For the general home user, they can safely ignore permissions entirely -- mostly. Repair Permissions looks at any files that Apple has installed -- system files, iPhoto, iTunes, Mac App Store -- and makes sure that they are all set properly. Occasionally permissions can get changed and cause bizarre issues to happen. In general, if your computer is working properly, one doesn't have to worry about repairing permissions. If you go to a Genius Bar appointment and report generic problems with your computer, the Genius may repair permissions as an easy step to try to fix the problem.
There are lots of errors that can be reported when trying to repair permissions, but many of them can be safely ignored. Basically, you can just ignore the "repair permissions" button unless AppleCare or a Genius advises you to attempt to repair them.
There's a much more detailed explanation in this excellent article on permissions from Macworld.
Regarding fragmentation, one doesn't need to worry about that anymore either, at least not on the Mac. Here's what Apple had to say on the subject a few years ago:
You probably won't need to optimize at all if you use Mac OS X. Here's why:
Hard disk capacity is generally much greater now than a few years ago. With more free space available, the file system doesn't need to fill up every "nook and cranny." Mac OS Extended formatting (HFS Plus) avoids reusing space from deleted files as much as possible, to avoid prematurely filling small areas of recently-freed space.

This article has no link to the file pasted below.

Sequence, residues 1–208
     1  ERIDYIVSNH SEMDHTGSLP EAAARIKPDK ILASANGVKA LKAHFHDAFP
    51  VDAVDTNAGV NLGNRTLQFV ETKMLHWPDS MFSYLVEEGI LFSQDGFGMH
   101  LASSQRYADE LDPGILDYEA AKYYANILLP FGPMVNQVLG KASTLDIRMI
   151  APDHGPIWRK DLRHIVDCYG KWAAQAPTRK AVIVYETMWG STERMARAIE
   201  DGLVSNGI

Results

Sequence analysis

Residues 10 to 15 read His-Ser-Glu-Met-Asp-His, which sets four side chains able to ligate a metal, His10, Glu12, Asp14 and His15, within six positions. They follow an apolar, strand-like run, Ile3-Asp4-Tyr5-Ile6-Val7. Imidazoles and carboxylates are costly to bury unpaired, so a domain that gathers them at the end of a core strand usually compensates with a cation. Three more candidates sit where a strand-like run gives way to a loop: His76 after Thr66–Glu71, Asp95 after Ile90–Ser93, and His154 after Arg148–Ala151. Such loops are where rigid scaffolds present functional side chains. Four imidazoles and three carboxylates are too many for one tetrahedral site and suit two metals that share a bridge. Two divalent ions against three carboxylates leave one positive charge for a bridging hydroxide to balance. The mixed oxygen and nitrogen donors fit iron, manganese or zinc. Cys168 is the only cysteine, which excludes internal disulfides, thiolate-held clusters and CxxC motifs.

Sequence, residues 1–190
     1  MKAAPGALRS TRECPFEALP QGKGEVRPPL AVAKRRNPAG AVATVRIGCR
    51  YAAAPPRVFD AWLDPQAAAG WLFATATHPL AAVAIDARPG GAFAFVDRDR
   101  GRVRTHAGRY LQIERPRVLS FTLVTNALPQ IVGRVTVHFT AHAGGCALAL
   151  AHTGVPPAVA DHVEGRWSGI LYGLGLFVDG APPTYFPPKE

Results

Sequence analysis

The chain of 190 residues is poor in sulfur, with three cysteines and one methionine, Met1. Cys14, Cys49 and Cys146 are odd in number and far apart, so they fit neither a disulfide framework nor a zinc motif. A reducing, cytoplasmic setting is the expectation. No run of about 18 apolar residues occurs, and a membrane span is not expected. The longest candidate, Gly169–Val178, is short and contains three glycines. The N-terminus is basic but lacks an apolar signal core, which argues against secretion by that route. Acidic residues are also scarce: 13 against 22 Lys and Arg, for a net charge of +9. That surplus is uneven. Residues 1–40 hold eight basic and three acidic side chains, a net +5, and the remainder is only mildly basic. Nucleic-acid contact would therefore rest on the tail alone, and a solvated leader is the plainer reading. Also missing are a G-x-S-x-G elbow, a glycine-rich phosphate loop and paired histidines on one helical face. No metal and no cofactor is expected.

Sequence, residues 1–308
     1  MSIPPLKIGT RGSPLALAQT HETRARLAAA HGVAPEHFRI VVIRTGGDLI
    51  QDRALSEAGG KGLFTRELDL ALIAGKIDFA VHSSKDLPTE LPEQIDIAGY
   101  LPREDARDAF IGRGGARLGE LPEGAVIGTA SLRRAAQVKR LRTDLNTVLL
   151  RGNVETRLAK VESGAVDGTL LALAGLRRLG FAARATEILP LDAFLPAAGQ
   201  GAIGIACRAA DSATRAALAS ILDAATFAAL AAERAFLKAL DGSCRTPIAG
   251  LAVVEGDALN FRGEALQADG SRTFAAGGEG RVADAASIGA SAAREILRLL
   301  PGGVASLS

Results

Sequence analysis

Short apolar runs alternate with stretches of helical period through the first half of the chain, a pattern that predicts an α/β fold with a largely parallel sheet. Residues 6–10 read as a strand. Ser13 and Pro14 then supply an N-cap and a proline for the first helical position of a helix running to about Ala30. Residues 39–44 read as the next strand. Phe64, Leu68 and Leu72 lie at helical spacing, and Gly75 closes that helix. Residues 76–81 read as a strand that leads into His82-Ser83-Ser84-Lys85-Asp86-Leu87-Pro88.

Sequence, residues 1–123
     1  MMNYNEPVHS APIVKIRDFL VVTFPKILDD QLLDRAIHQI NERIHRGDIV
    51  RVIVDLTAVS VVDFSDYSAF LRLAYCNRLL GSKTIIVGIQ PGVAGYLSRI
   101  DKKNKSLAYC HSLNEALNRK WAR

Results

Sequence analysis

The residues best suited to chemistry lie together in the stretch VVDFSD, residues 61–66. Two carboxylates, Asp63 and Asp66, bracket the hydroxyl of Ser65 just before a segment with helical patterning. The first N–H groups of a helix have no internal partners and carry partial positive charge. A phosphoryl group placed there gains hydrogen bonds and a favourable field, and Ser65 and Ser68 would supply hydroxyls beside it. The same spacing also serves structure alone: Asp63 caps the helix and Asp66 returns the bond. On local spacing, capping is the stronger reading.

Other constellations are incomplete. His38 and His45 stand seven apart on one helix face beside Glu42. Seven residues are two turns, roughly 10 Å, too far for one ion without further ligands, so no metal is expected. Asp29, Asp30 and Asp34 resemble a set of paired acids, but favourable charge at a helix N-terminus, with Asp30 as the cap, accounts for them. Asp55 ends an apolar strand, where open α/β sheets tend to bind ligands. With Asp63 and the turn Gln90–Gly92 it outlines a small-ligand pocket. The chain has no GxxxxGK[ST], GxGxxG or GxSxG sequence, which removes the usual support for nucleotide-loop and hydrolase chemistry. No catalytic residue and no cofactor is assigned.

Mac OS X 10.2 and later includes delayed allocation for Mac OS X Extended-formatted volumes. This allows a number of small allocations to be combined into a single large allocation in one area of the disk.
Fragmentation was often caused by continually appending data to existing files, especially with resource forks. With faster hard drives and better caching, as well as the new application packaging format, many applications simply rewrite the entire file each time. Mac OS X 10.3 Panther can also automatically defragment such slow-growing files. This process is sometimes known as "Hot-File-Adaptive-Clustering."
Aggressive read-ahead and write-behind caching means that minor fragmentation has less effect on perceived system performance.
Anyway, thanks for the questions everyone, and we need yours too! So, ask away in the comments, or shoot us an email at firstname.lastname@example.org. Also, if you have anything to add to our answers, we love feedback and fresh ideas.
Seriously, we want questions! Now, have a great week!